bundled Windows NT configurations from most (if not all) of their
product lines, leaving users to purchase the operating system on
their own so the computer company doesn't have to deal with the
high costs of NT technical support.

Rumor (the companies involved do not confirm these stories) also
has it that Microsoft is causing problems for vendors who make
platforms for competing server-based operating systems -
particularly Linux, the freeware BSD UNIX clone so popular with
Internet service providers. A message on the developer mailing
list "Semper.Fi" claims Microsoft is "asking" (quotes in original)
that vendors not provide support or actively be involved with any
efforts to move Linux to their hardware platforms. The adoption
rates for NT are not what Microsoft or most analysts predicted,
and dropping hardware platforms due to lack of sales isn't helping
that any.

The long-delayed release of PowerPC Computing Platform (PPCP)
machines, which were to be able to run Mac OS, Windows NT and
perhaps Sun's Solaris operating systems, have not helped
Microsoft's position - it's difficult to write an alternate OS for
Macintosh systems, as the MkLinux folks have shown through their
slow but steady efforts to bring Linux to Power Macintosh systems
(it now works with PCI-based systems; it didn't when first
announced last May).

**What They're Saying** -- So this is all a setback for Windows
NT, right? No, of course not; Microsoft is invincible. Instead,
it's a setback for _Apple_, according to the press. Mind you,
Apple has never shipped a Windows NT machine, despite repeated
press inquiries for years about when they would do so, but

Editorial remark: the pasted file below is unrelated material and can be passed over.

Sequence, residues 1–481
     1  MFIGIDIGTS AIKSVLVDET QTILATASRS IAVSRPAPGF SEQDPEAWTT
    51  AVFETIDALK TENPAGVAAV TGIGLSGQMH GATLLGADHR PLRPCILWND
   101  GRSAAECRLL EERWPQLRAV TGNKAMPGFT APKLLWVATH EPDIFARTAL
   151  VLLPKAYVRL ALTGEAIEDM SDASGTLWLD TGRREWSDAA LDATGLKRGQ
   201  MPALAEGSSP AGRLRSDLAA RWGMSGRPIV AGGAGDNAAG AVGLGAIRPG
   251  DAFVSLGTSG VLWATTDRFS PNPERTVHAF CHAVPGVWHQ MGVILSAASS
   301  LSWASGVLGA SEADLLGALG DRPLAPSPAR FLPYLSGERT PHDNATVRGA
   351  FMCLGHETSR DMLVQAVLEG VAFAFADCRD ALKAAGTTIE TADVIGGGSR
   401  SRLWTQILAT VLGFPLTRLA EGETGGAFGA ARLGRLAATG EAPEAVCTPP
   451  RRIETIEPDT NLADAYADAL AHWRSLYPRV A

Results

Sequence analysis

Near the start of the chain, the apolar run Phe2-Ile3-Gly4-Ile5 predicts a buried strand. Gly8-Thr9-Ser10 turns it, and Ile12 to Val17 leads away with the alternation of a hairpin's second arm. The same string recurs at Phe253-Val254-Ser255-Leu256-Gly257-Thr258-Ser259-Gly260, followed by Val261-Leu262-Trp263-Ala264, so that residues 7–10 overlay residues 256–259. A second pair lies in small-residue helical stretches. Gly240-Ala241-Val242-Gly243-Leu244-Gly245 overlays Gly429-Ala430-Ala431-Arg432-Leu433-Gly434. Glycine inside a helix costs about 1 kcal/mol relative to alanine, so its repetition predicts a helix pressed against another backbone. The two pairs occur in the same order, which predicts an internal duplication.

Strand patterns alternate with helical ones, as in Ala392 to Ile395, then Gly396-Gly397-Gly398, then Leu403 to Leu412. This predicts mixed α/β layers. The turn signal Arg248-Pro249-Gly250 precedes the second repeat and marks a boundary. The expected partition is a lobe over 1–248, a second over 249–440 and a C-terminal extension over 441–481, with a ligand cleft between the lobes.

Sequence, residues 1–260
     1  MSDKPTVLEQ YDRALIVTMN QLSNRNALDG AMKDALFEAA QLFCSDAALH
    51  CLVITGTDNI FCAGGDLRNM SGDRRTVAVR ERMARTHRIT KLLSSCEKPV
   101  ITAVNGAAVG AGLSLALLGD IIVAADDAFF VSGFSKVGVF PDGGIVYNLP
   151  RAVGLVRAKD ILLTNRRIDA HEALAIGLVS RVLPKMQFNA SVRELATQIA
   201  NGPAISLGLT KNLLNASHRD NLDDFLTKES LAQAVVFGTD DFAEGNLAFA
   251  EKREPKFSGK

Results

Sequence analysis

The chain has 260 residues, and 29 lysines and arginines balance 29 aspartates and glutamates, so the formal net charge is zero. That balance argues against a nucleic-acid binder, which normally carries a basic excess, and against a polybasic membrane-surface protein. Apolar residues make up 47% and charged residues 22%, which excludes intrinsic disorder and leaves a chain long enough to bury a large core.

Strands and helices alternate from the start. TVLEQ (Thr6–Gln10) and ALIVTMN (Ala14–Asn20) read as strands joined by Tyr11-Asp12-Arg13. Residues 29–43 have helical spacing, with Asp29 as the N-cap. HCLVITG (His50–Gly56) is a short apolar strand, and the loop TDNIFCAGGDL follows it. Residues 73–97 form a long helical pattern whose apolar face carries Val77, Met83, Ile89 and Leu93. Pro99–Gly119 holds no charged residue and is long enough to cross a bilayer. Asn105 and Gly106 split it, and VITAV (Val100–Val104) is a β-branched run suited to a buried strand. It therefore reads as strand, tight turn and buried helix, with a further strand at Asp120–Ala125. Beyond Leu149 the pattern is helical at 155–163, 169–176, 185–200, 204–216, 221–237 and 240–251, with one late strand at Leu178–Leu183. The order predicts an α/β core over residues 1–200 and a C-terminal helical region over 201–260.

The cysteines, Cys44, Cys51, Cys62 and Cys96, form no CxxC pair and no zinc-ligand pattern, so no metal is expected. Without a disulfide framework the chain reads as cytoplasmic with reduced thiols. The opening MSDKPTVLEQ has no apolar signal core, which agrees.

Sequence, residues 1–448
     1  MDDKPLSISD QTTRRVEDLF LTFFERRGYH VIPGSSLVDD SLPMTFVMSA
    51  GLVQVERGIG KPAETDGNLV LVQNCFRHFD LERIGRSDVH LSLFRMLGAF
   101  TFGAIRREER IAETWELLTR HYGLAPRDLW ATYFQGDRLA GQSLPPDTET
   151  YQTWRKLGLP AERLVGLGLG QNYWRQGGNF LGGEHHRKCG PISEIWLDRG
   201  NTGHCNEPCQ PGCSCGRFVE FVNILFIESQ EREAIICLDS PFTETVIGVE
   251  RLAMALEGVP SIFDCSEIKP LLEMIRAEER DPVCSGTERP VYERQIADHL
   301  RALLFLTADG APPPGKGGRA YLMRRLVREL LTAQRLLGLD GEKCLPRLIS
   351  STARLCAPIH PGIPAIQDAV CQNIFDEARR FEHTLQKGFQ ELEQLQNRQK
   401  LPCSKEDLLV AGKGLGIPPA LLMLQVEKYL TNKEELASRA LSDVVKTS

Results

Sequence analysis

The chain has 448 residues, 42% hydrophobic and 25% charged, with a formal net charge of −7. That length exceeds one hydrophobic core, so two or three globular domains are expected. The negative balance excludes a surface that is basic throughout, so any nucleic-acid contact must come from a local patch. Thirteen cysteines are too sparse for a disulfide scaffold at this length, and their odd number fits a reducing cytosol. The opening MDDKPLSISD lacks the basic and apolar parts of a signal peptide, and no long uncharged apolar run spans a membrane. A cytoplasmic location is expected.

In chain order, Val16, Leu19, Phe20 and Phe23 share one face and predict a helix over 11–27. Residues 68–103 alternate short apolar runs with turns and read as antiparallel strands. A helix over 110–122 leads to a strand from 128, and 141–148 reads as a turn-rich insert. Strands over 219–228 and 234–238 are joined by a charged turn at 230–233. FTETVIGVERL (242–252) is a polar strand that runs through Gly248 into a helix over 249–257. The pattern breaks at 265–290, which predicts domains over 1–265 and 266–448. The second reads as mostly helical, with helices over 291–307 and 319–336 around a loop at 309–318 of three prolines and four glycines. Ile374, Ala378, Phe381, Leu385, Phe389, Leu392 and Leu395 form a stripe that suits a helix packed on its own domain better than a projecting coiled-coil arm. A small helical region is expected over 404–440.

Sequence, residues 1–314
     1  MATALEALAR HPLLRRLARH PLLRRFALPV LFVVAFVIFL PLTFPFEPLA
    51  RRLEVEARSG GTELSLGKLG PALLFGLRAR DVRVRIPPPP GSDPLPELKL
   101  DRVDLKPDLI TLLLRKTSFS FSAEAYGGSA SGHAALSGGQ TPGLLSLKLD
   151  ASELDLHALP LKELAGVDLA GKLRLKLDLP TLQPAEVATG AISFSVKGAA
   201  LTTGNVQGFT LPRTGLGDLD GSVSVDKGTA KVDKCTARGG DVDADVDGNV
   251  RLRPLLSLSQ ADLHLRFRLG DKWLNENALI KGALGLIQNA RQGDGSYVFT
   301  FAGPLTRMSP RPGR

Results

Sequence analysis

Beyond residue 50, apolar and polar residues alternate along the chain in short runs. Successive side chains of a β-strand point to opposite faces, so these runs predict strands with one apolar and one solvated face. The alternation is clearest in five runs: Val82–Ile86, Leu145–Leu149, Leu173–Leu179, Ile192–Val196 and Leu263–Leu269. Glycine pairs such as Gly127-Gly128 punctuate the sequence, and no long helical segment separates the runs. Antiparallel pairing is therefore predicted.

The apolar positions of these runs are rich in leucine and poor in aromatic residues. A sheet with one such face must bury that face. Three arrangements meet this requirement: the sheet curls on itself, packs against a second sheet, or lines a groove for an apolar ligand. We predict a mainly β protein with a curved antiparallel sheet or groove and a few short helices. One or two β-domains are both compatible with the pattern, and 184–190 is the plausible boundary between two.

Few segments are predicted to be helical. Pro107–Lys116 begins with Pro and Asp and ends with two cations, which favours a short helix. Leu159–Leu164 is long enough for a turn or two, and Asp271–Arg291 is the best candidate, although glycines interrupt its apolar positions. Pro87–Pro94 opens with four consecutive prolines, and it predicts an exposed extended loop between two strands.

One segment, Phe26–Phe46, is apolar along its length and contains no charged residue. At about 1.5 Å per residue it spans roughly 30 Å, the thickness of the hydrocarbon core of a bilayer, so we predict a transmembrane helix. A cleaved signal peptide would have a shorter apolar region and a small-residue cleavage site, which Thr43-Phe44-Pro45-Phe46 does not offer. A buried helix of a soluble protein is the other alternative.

suddenly the lack of Windows NT for future PowerPC, non-Mac OS
machines is a huge "emotional setback" to Apple, say the pundits.

The worst example is from the _San_Francisco_Chronicle_, co-
written by former _MacWEEK_ writer Jon Swartz who certainly ought
to know better. The article

from Saturday contains complete misrepresentations of the
situation. Here are just a few examples, followed by reality:

* "Microsoft said it will not make its popular Windows NT software
for Macintosh computers." Microsoft is phasing out development on
Windows NT for PowerPC computers, not for _Macintosh_ computers
which, currently, pretty much run only Mac OS (with some limited
support for BeOS and MkLinux, both of which have to work around
serious assumptions in Macintosh hardware). Read Microsoft's press
for yourself if you don't believe it; the words "Apple" or
"Macintosh" are never mentioned. There never has been a Windows NT
for Macintosh.

* "The PowerPC chip has not caught on." Sales of PowerPC-based
computers outsell all other RISC computers, _combined_, by about
4:1, according to Apple. That combination includes the vaunted
Digital Alpha processor that still has Windows NT support.

* "It is an emotional blow to Apple," said analyst Jim Turley.
"This certainly won't help Apple in corporate sales." Apple is